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  1. #1
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    Falling on the Foxy Fall Century

    The Foxy Fall Century metric was listed as a 60.8 mile ride. However, the actual miles on my bike was 70.65.

    Now that would seem to be much of a problem but the buzzards who like to fly low can figure their efforts pretty well to the length of the course and if you tell them it's 60 miles and it's really 70 they burn out at 61 miles.

    Which is what happened to me. Well, not TO me but to someone else that did me in.

    I was with a group that likes to ride as fast as they can for the distance which turned out to be very often above 20 mph. At first that's fun but it loses its luster pretty rapidly when you start getting close to 50 miles. I could tell that something was up with the guy really pushing the pace because he was starting to look for reasons to stop instead of just slowing down. Finally we approached a RR track in the last 10 miles and just as we arrived the signals turned on and the guy happened to be leading stopped cold.

    I could see the train was still a quarter of a mile down the track and the other way was clear so I just continued on. So my group was stopped at what turned out to be a long train while I was riding at 20+ away from them.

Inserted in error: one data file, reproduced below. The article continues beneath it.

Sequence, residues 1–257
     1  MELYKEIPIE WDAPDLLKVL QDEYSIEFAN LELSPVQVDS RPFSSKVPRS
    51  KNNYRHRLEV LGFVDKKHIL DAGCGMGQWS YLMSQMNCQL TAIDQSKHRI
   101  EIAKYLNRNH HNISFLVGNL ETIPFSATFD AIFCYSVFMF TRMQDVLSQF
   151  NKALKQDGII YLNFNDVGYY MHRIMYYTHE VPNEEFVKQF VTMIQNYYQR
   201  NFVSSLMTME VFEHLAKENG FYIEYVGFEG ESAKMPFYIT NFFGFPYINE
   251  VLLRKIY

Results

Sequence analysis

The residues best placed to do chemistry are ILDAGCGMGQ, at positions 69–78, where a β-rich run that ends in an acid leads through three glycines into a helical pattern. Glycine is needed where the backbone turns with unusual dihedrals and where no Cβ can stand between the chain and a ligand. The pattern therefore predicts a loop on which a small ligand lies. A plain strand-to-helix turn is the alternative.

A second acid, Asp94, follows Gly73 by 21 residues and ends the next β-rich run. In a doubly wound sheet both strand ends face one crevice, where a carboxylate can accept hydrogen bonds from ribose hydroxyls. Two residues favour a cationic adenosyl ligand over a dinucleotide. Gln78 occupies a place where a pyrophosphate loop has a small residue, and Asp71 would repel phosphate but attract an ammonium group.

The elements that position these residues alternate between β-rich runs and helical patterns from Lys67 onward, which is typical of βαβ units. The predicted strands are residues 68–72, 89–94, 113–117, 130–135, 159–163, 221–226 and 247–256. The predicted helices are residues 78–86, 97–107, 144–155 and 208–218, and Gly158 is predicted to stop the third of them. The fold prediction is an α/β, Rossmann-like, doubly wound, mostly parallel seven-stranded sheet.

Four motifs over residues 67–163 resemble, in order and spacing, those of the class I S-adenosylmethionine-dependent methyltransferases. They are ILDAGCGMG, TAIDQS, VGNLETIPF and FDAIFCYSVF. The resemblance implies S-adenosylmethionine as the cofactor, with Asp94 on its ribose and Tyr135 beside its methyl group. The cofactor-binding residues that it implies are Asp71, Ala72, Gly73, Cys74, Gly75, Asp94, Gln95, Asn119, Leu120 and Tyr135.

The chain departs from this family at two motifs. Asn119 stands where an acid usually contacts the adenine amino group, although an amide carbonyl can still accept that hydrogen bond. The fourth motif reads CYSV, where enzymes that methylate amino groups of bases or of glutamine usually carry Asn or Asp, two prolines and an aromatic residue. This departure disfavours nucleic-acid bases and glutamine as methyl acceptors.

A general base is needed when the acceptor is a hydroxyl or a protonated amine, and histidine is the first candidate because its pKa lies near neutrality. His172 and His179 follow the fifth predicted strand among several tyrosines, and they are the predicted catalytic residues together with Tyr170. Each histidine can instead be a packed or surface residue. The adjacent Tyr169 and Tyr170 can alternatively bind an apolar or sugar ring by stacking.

Finally I came to the turn that signaled about 3 miles left to ride. I was passing everyone and a guy hopped on my wheel. As we got back on the UC campus there was a car stopped in the left hand lane a little short of the left turn where I needed to go. I slowed a bit and the guy on my wheel went from the left lane over in the the bike lane. I pulled over enough to pass the car and he started moving cutting me off from that lane. As I looked up the guy who passed me was making a left turn from the bike lane in front of both me and the car!

    I t-boned him I think. And I was going maybe 17 or more at the time. I must have gone down on TOP of him. I had some real pain in my right side up near my armpit. But other than that I don't even have ROAD RASH! That's the first road fall I've had that didn't have road rash as an integral part.

    No damage to my bike except the derailleur hanger was bent slightly out of alignment. Already fixed that.

    He was busy making his getaway while I was really hurting in the street. I saw a taco'd wheel on his Colnago Master UltraLight and he was limping pretty good. I don't think he liked the comments I made at 120 dB.

    I hope he's OK and didn't damage that beautiful bike. He made a dumb move but all's well that end's well.

    The moral of the story is to keep your eyes open and don't do something wrong because you're tired and assuming that the car and therefore the guy next to him are all going to turn left.

    I'll have some pain and probably some pithy comments for a couple of days but in the end I'll be out riding on my regular Tuesday ride. Well, I think I will.
    Last edited by cyclintom; 10-15-06 at 09:22 PM.

  2. #2
    SSP
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    Most skiing accidents happen late in the day, and I suspect bike rides are the same way.

    I nearly ran into the side of a car one time about 2 miles from the end of a century ride because what I thought was a 4-way stop sign was only a 2-way stop.

    Bottom line...be really careful near the end of the ride!
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  3. #3
    Pat
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    Tom,